Global forced displacement ‘hits record high’

DHAKA : Wars and persecution have driven more people from their homes than any time before since UNHCR records began, according to a new UN report, reports UNB.
The UN Refugee Agency released the report on Monday marking the World Refugee Day 2016.
The report, titled Global Trends, noted that on average 24 people were forced to flee each minute in 2015, four times more than a decade earlier, when six people fled every 60 seconds, the UNHCR reports from Geneva.
Bangladesh is a home to 32,000 documented Rohingya refugees and they have taken shelter in two camps in the southeastern district of Cox’s Bazar.
But, their number is dwarfed by the almost 300,000 who are living illegally in the district, according to the primary outcome of government census, held from February 1 to 23 to identify Rohingya families in Bangladesh.
The detailed study, which tracks forced displacement worldwide based on data from governments, partner agencies and UNHCR’s own reporting, found a total of 65.3 million people displaced at the end of 2015, compared to 59.5 million just 12 months earlier.
It is the first time in the organisation’s history that the threshold of 60 million has been crossed.
“More people are being displaced by war and persecution and that’s worrying in itself, but the factors that endanger refugees are multiplying too,” said UN High Commissioner for Refugees Filippo Grandi.
“At sea, a frightening number of refugees and migrants are dying each year; on land, people fleeing war are finding their way blocked by closed borders. Closing borders does not solve the problem.”
Grandi said that politics is also standing in the way of those seeking asylum in some countries. “The willingness of nations to work together not just for refugees but for the collective human interest is what’s being tested today, and it’s this spirit of unity that badly needs to prevail,” he declared.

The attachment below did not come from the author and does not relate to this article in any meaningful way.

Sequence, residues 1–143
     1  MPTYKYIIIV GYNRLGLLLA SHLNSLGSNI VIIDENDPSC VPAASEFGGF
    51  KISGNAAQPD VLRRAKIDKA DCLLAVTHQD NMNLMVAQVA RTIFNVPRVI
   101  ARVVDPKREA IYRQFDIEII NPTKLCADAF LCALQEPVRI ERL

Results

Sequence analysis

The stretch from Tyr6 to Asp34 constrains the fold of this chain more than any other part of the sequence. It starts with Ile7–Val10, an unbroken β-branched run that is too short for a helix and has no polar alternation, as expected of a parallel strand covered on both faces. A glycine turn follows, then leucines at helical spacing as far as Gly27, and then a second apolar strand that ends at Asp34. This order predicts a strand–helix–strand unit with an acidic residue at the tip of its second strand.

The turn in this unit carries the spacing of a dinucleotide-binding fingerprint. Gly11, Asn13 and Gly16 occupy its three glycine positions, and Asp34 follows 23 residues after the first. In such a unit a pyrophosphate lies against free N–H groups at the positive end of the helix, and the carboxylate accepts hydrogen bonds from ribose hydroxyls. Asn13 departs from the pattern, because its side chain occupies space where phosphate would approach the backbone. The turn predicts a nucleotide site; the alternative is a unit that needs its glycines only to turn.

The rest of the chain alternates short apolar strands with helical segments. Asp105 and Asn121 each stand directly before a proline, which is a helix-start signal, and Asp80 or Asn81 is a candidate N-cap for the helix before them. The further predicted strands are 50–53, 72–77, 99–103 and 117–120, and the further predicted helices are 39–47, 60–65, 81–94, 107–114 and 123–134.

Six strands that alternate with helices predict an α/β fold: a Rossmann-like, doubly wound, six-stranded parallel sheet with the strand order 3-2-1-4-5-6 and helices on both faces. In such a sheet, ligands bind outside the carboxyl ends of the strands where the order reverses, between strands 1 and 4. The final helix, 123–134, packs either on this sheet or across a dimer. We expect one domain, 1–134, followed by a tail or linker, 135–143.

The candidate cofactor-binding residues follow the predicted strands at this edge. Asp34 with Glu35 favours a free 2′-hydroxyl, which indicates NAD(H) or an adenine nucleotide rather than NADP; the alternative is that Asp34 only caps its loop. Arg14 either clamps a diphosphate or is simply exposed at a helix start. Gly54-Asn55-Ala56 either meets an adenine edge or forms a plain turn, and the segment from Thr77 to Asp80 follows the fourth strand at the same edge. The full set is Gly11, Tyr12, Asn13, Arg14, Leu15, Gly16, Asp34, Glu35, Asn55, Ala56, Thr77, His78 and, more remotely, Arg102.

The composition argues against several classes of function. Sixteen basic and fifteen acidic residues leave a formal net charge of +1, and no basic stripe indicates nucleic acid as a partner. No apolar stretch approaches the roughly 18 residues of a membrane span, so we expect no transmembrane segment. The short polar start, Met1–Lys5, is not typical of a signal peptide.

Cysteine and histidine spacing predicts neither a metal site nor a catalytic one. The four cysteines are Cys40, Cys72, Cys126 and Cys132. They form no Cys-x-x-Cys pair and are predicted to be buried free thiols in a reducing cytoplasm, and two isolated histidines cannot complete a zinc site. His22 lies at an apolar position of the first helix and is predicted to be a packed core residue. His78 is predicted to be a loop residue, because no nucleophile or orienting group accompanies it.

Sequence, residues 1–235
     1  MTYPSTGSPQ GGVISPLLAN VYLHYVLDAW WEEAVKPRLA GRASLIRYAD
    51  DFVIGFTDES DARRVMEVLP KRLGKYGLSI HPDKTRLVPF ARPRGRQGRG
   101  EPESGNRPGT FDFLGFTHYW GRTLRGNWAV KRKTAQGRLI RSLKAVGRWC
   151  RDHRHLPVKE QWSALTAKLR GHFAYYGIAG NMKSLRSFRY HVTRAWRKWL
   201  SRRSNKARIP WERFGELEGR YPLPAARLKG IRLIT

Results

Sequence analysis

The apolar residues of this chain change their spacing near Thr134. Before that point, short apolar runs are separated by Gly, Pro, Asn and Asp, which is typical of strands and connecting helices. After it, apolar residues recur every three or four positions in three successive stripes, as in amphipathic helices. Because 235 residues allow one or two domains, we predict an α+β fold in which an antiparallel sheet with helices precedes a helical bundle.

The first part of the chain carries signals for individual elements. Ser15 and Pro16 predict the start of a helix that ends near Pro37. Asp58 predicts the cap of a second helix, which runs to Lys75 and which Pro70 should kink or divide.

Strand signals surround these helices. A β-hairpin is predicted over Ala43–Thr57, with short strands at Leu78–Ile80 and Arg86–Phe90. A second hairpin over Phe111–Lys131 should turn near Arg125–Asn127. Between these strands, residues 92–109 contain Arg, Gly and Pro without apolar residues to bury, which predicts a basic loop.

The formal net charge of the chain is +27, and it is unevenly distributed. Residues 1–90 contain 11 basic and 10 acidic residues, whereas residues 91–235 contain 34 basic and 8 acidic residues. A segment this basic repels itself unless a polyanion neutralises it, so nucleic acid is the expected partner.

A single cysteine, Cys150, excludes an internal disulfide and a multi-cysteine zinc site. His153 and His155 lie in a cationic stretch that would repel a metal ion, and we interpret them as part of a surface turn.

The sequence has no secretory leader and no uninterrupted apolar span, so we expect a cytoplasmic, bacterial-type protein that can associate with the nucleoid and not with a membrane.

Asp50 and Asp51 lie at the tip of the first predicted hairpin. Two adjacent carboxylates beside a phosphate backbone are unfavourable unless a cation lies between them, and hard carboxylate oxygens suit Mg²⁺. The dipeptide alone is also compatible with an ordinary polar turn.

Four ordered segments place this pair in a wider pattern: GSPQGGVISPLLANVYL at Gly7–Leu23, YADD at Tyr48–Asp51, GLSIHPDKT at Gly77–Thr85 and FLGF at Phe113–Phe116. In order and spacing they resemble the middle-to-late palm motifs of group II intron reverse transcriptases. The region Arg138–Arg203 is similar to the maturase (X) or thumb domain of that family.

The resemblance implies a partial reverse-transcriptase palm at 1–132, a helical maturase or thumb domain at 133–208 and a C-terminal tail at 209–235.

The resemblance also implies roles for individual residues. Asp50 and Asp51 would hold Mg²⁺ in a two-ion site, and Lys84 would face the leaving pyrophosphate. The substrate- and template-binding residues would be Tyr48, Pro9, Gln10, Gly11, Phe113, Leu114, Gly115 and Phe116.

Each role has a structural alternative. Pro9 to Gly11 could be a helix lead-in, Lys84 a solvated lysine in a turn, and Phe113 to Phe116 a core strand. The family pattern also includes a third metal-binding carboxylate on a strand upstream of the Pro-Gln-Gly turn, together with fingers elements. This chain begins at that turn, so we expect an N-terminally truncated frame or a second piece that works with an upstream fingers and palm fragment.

The report found that, measured against the world’s population of 7.4 billion people, one in every 113 people globally is now either an asylum-seeker, internally displaced or a refugee – putting them at a level of risk for which UNHCR knows no precedent.
The tally is greater than the population of the United Kingdom – or of Canada, Australia and New Zealand combined.
To put it in perspective, the tally is greater than the population of the United Kingdom – or of Canada, Australia and New Zealand combined.
It is made up of 3.2 million people in industrialized countries who, at the end of 2015, were awaiting decisions on asylum – the largest total UNHCR has ever recorded.
Also in the tally are a record 40.8 million people who had been forced to flee their homes but were within the confines of their own countries, another record for the UN Refugee Agency. And there are 21.3 million refugees.
Forced displacement has been on the rise since at least the mid-1990s in most regions, but over the past five years the rate has increased.
While the spotlight last year was on Europe’s challenge to manage more than 1 million refugees and migrants who arrived via the Mediterranean, the report shows that the vast majority of the world’s refugees were in developing countries in the global south.
In all, 86 per cent of the refugees under UNHCR’s mandate in 2015 were in low- and middle-income countries close to situations of conflict.
Worldwide, Turkey was the biggest host country, with 2.5 million refugees. With nearly one refugee for every five citizens, Lebanon hosted more refugees compared to its population than any other country.
Distressingly, children made up an astonishing 51 per cent of the world’s refugees in 2015, according to the data UNHCR was able to gather. Many were separated from their parents or travelling alone.


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